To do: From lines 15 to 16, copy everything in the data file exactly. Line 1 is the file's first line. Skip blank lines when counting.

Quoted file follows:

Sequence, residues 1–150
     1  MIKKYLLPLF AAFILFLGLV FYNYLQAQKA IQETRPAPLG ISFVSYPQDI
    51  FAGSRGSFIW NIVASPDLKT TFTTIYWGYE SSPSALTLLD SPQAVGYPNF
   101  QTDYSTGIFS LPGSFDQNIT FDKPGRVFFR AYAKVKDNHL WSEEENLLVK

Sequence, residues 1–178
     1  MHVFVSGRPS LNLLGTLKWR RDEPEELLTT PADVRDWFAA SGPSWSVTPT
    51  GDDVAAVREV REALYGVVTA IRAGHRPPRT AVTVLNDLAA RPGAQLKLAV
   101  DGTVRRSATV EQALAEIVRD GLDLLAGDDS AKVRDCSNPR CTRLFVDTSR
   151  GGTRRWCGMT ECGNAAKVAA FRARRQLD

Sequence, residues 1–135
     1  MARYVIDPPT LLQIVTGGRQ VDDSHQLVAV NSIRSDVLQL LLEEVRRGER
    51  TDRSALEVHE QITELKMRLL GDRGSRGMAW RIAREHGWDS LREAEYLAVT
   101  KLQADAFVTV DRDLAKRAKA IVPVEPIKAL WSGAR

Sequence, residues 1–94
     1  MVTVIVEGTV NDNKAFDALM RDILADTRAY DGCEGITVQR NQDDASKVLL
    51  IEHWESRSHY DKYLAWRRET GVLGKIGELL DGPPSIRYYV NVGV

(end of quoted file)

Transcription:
     1  MVTVIVEGTV NDNKAFDALM RDILADTRAY DGCEGITVQR NQDDASKVLL
    51  IEHWESRSHY DKYLAWRRET GVLGKIGELL DGPPSIRYYV NVGV